A chorus of European Central Bank policy makers called for decisive and swift rate hikes on Tuesday to combat soaring inflation, suggesting that the choice in next week’s policy meeting will be between a big move and an even bigger one.
With inflation likely hitting 9 per cent this month before heading toward double-digit territory on soaring gas prices, policy makers are increasingly worried that even long-term expectations may move above the ECB’s 2-per-cent target, indicating a loss of confidence in the bank’s inflation-fighting powers.
That leaves the choice for next week largely between a 50 and a 75-basis-point hike after the ECB raised the deposit rate by 50 basis points to zero last month in its first hike in over a decade.
Dutch central bank chief Klaas Knot and Estonia’s Madis Müller both said that 75 basis points should at least be discussed while Bundesbank chief Joachim Nagel argued for swift action, praising the benefits of front-loading moves.
“A swift normalization of interest rates is an essential first phase, and some front-loading should not be excluded,” Mr. Knot told a Danske Bank event. “The broadening and deepening of our inflation problem generates the need to act forcefully.”
ECB board member Isabel Schnabel and French central bank chief Francois Villeroy de Galhau meanwhile called for forceful or significant rate hikes this weekend.
Market futures fully price in a 50 basis-point move and high probability of a 75-basis-point hike, suggesting that the ECB could go either way.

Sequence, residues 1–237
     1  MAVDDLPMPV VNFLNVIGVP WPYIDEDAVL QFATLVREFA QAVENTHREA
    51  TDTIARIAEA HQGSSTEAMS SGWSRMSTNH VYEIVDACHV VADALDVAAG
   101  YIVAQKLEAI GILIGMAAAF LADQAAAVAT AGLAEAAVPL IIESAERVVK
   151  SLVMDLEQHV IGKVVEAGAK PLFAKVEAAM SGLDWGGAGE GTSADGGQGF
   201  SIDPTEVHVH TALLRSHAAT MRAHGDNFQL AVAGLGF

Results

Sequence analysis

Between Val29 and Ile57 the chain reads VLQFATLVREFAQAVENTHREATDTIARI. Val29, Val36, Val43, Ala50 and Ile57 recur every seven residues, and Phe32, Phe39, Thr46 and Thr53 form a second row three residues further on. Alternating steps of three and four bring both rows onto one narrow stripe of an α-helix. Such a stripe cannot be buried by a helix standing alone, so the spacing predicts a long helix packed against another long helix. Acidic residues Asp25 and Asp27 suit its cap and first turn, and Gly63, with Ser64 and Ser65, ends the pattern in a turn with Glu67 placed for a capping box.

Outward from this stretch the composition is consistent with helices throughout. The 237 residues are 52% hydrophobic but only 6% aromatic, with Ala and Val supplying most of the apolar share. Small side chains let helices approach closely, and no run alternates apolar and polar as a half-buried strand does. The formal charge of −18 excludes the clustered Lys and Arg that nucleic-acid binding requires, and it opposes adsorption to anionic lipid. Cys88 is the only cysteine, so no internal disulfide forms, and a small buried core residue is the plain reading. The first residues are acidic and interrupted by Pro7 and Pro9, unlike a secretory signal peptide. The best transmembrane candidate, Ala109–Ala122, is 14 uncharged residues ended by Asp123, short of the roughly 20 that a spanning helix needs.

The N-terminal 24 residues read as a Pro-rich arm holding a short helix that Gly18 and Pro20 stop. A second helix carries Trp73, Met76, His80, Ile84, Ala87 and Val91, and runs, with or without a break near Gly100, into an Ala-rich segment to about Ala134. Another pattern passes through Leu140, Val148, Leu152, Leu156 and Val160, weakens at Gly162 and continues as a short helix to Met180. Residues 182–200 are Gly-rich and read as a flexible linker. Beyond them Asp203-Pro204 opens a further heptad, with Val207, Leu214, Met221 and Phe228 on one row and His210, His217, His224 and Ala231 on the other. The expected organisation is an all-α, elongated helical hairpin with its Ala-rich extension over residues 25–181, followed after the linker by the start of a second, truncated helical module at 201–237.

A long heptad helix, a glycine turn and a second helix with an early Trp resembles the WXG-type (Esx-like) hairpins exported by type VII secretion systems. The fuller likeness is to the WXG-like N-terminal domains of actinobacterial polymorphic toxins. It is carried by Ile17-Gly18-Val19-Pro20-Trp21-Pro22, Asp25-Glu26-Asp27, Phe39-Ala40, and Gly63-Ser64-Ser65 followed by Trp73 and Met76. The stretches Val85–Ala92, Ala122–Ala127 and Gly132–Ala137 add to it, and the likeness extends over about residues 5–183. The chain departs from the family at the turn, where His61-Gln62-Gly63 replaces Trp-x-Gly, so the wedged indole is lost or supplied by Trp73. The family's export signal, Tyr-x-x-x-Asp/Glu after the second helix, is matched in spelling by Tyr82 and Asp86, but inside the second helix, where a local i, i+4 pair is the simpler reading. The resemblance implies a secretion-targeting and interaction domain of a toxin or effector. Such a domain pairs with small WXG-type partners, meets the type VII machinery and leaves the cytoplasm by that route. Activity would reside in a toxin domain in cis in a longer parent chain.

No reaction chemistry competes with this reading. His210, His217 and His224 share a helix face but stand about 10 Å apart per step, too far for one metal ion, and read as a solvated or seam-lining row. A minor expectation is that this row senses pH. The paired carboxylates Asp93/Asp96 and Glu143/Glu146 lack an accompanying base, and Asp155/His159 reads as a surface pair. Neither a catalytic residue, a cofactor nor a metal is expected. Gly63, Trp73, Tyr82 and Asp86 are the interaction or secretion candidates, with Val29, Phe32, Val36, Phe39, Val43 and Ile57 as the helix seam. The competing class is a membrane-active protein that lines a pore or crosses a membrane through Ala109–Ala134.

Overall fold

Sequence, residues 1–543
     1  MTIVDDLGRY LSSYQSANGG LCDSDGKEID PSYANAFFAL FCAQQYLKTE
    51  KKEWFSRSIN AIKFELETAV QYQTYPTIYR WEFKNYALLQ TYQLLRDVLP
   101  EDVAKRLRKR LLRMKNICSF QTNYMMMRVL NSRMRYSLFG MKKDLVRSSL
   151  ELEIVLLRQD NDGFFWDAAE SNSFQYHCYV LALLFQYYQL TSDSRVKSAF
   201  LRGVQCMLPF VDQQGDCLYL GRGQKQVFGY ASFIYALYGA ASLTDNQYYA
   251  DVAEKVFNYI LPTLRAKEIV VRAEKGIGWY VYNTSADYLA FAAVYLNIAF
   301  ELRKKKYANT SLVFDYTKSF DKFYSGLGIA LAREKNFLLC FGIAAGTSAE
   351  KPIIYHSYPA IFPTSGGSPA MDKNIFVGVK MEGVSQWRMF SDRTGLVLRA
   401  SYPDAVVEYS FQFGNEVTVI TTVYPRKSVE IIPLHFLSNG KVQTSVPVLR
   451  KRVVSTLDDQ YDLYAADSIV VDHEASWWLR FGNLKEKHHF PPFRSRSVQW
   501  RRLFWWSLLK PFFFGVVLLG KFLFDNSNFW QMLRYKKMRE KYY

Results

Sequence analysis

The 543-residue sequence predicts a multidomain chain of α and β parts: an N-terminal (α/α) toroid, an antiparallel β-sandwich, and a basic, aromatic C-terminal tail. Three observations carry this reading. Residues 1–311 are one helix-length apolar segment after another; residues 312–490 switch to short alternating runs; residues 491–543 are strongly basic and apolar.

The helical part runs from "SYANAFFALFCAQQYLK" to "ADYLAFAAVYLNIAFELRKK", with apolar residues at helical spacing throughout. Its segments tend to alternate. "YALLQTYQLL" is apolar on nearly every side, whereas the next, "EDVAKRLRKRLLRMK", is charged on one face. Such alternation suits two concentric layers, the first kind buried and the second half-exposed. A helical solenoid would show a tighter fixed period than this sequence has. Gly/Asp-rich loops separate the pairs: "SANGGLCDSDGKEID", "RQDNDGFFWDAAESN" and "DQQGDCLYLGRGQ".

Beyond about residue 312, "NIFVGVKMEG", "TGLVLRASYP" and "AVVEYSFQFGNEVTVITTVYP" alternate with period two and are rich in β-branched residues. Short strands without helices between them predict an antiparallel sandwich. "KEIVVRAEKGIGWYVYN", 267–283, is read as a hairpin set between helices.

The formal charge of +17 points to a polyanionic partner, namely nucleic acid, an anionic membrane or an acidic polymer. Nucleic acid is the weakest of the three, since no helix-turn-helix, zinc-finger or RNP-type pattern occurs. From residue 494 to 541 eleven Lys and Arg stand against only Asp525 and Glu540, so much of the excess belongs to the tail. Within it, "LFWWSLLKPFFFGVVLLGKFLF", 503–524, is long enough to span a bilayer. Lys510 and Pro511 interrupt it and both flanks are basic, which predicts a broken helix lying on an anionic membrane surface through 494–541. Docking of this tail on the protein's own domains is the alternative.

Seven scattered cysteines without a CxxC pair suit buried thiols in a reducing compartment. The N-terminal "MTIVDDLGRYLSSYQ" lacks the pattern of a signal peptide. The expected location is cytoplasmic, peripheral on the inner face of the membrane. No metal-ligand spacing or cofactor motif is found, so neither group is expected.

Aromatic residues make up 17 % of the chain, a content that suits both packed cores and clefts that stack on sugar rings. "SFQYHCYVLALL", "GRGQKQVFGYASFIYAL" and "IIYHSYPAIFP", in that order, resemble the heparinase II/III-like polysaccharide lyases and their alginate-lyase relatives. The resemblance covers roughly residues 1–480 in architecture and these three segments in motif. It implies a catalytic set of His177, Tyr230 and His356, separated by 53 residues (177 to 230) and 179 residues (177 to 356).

“I think 75 basis points should be among the options for September,” Mr. Müller said. “We should not be too timid with policy moves as inflation has been too high for too long and we are still far below the neutral rate.”
Adding to the 75 basis-point argument, the U.S. Federal Reserve has raised rates by that much at back-to-back meetings and another similar move could be on the cards. That weakens the euro and further boosts euro zone inflation.
While many policy makers said the aim is to first get rates to the “neutral” level, where the ECB is neither stimulating nor cooling growth, Mr. Knot said this rate – somewhere between 1 per cent and 2 per cent, may not be enough and restrictive policy could become necessary.
Speaking just two days before the ECB’s next quiet period, Pierre Wunsch, Belgium’s central bank chief, echoed Mr. Knot’s comment, arguing that restrictive policy may be necessary, even as a recession is now likely.
“I think the consensus is we have to move quickly to a level that at some point … will be restrictive,” Mr. Wunsch said.
The complication is that high energy prices will reduce consumption and weigh on industrial output, almost certainly pushing the bloc into recession over the winter months.
Rate hikes into a recession normally exacerbate a downturn but this shock driven by soaring commodity prices and ECB policy has little power over supply-side disruptions.
“We should not delay further rate hikes for fear of a possible recession,” Mr. Nagel said. “Inflation rates will not return to the central bank’s inflation target on their own.”
Mr. Knot, who said he was leaning towards a 75-basis-point move, added that given the scarcity of labour, firms are likely to “hoard” workers in the initial phase of a downturn, so this recession would not shake the economy as some expect.
“Even if this slowdown were to materialize, this in itself is unlikely to bring inflation back to our objective over the medium term,” he said.
As part of policy normalization, Mr. Knot said the ECB should also consider reducing its balance sheet by not investing all of the proceeds maturing its in Asset Purchase Programme.
But any rundown of assets should be “very gradual” and talks on this are not expected before October or December, he said.
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